I am fascinated lately with reading about how we view our lives and what we think “fully living” or the “fullness of God” really means.
Many sermons exhort us to accomplish great deeds, but we don’t often hear of the importance of ordinariness. This is the dark side of faith, the side that tends to be turned away from the sunshine of God’s love. Here is where faith is most needed, not up on the stage where floodlights play upon remarkable acts, but in the backyards and allies and empty lots of our lives.
The very things we wish to hide, or that we fear are not worthy of notice, are what we must learn to bring into the light and celebrate. Here is where our deepest fears and anxieties reside—not in the big, important matters that preoccupy our attention, but in our underlying insecurity over how ordinary we feel. We are so plain and dull, we think, that we must accomplish momentous deeds in order to justify our existence. But this is a lie. We are justified and loved not for what we accomplish but for who we are, so that deep security can come only from resting in our utter ordinariness.
But here is the big question: Is the ordinary truly ordinary? No, it’s just that we see it that way. Our skewed vision needs healing. We need the Holy Spirit to open the eyes of our hearts in order to see things as they are.
We are a people obsessed with success. Yet isn’t failure––or at least the sense of failure––a far more common phenomenon? Among the vast array of self-help literature, shouldn’t there be instruction on how to fail well? Isn’t this a skill worth mastering?
A friend of mine said recently that he was having trouble getting his life together. But what if the goal of life is not to get it together? What if it’s just the opposite: to fall apart gracefully?
God comes to us disguised as our own lives. The sleepless night, the accident, the broken marriage all carry messages between the lines. While we cry out, “Where are you, God?” He is speaking loudly in our unemployment, our illness, or in the words and attitudes of our friends. Are we listening? Do we bother to pay attention to what is right under our noses? What good is it to study the Bible if we cannot read the daily messages in the Book of Life? Is our theology blinding us to reality?
We have this expression “living life to the full.” But how can we live life to the full when life is, apparently, so full of mundane moments and plain things and unremarkable events? Happiness is only possible in the present moment, yet the overwhelming majority of our moments are utterly ordinary. Therefore, if we want to be happy, we must learn to love the ordinary. It’s good to have lofty dreams and aspirations, but if we let future goals so control us that they overshadow our present reality, we will not be happy.
Why does God love our ordinariness? Because the more ordinary we are, the better His glory shines through us. And He wants to be glorified. We may think we have to be wonderful, remarkable people in order to impress God, or else to impress the world on His behalf. But really the opposite is true. The greater we are, the harder it may be to humble ourselves; but the more ordinary we are, the more obvious it will be that we have a great God. When the Jewish leaders realized that Peter and John were “unschooled, ordinary men, they were astonished and they took note that these men had been with Jesus” (Acts 4:13).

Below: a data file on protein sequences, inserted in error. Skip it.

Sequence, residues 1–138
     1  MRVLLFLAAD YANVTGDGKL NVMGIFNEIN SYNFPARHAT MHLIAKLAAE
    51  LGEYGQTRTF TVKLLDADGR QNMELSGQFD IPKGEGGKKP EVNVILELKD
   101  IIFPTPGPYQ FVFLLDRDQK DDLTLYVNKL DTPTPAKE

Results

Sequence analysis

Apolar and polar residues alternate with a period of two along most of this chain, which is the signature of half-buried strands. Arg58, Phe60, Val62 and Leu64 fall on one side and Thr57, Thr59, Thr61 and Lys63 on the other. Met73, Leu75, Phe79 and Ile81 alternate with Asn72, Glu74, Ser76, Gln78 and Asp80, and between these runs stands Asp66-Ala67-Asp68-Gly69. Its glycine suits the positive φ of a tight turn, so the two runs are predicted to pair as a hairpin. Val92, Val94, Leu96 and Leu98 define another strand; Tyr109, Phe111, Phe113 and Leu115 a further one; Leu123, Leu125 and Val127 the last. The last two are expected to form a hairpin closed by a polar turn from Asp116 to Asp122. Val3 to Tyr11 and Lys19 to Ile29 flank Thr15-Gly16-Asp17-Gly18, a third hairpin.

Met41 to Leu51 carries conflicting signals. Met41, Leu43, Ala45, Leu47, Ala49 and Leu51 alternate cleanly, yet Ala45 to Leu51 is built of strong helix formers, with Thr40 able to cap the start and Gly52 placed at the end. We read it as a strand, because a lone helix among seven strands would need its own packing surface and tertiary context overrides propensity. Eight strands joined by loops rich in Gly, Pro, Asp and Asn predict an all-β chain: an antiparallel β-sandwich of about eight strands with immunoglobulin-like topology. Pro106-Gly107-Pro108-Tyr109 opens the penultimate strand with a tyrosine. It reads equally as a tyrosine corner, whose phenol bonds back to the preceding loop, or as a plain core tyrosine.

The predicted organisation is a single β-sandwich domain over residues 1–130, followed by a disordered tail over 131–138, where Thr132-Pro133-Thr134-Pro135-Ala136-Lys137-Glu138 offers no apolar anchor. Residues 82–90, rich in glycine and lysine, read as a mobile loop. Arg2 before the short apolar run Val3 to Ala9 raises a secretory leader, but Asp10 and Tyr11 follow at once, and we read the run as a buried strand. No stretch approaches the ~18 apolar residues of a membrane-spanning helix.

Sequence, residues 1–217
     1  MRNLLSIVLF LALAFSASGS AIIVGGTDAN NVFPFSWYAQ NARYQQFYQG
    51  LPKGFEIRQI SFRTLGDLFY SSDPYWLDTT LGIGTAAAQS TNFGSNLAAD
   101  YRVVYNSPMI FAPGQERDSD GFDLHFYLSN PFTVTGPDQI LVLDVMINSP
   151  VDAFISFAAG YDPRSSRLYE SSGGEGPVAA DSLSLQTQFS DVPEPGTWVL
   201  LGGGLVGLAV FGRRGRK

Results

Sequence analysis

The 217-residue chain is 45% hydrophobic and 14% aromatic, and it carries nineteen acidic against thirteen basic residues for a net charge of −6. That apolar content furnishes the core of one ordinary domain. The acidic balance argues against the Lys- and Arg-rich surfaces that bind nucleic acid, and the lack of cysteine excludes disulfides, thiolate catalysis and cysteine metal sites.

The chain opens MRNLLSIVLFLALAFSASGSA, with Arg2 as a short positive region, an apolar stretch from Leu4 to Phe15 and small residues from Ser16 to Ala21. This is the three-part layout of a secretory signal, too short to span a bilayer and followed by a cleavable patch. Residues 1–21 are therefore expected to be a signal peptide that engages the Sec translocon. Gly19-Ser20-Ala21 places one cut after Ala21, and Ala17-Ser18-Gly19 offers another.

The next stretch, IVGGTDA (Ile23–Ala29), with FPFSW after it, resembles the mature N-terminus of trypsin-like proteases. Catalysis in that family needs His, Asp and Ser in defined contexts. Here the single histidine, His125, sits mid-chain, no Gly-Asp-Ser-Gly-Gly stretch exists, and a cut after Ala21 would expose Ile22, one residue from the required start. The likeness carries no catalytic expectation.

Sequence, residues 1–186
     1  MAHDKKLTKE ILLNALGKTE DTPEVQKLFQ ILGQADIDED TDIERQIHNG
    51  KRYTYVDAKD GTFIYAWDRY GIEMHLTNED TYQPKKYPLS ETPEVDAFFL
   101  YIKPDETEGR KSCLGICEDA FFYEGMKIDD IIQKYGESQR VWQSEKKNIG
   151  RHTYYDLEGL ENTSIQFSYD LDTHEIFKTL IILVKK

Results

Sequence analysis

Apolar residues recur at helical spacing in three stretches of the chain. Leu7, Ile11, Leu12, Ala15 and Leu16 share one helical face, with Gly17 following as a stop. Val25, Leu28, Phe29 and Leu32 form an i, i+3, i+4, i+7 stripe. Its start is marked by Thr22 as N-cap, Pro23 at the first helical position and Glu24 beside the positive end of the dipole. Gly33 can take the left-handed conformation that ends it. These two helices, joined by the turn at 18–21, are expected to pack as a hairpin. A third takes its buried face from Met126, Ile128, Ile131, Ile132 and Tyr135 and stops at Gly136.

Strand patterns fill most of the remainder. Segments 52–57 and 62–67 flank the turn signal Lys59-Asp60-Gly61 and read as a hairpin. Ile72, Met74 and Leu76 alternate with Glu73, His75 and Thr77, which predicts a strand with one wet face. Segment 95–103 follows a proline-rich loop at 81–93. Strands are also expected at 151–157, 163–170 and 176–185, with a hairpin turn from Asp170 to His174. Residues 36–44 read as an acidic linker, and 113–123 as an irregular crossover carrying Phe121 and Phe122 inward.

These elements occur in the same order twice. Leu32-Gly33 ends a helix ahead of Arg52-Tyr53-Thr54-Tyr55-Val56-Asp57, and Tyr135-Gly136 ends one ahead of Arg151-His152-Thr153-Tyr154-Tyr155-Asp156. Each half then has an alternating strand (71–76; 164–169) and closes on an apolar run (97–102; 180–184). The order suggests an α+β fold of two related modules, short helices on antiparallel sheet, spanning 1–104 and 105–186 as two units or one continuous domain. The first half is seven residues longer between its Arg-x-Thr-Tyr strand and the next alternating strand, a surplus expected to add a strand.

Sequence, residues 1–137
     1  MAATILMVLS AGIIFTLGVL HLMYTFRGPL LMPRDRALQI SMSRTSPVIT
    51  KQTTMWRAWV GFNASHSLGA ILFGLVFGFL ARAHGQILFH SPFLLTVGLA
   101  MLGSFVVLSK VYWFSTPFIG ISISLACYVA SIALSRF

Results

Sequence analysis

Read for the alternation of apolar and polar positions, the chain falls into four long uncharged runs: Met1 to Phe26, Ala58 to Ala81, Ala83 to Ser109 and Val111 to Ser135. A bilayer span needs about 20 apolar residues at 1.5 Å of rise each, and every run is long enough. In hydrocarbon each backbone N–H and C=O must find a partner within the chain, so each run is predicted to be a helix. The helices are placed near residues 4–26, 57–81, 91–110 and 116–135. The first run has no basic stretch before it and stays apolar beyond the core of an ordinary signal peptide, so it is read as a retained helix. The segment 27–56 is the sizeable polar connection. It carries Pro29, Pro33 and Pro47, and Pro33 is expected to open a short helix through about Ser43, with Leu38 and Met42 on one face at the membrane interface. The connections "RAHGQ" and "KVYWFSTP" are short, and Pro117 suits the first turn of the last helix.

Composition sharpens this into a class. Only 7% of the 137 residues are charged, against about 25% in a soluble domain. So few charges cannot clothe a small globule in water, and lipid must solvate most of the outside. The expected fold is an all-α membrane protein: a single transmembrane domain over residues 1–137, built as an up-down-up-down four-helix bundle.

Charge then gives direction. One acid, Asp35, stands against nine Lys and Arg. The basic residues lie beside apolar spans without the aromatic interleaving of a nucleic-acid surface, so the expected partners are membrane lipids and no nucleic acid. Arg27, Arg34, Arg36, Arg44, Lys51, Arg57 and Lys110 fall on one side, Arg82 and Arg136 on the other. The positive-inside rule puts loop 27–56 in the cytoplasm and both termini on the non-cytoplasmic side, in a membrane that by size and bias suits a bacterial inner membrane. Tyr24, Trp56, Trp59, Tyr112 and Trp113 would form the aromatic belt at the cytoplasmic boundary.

We think the world needs to see how happy and well-adjusted Christians are, how much fun we have, what great accomplishments we achieve in art and sports and business, and how enviable is our quality of life. But is this God’s plan for evangelism, or ours? Is this even what the world truly wants to see? Is the world impressed by all our greatness? Even if they are, isn’t that a problem? Shouldn’t they rather be impressed by the greatness of God?
Not only does God’s glory shine best in our plainness, but we connect with Him and with others much more through our weakness than through our strength. What non-believers truly want to see in Christians is not how much better our lives are than theirs. No, what they’re looking for is one thing: love. They want not strong, competent superheroes but ordinary, broken people who love each other. For the people of the world are ordinary and broken themselves and they need love—the love that cancels mistakes, values what is lowly, mends broken hearts. People want to be included, and love is their one entrance point, the one place any of us can squeeze into the kingdom.
Whether we like it or not, the great goal of life is love. Without it we have nothing. Surely the function of the ordinary—this immense tract of stuff in our lives that seems to have no great and lofty purpose—is to break up our attachment to what we consider important and to re-focus us on the one thing that is: love.
We may think of faith as something we need in order to step out of our normal characters and perform great feats. But no, true faith accepts ourselves not as heroes but as mere servants, with a humility that fills our depths with contentment and gratitude. Without such faith as a solid foundation, the accomplishment of any number of heroic deeds will only leave us hollow and unsatisfied.
Without a robust, contented faith in the inherent worth of ordinary life, we end up carrying on a lingering argument with our Maker, blaming Him for setting us such demeaning tasks. So the choice is clear: We can spend our days grumbling, or else we can develop a tender-hearted affection for all that is little and ordinary in our lives. We can exalt so-called ‘important matters,’ and so relegate all the rest to relative unimportance, or else we can give preference to the ordinary and so discover the real meaning of life.
Instead of shunning our ordinariness, why not rejoice in it? Mike Mason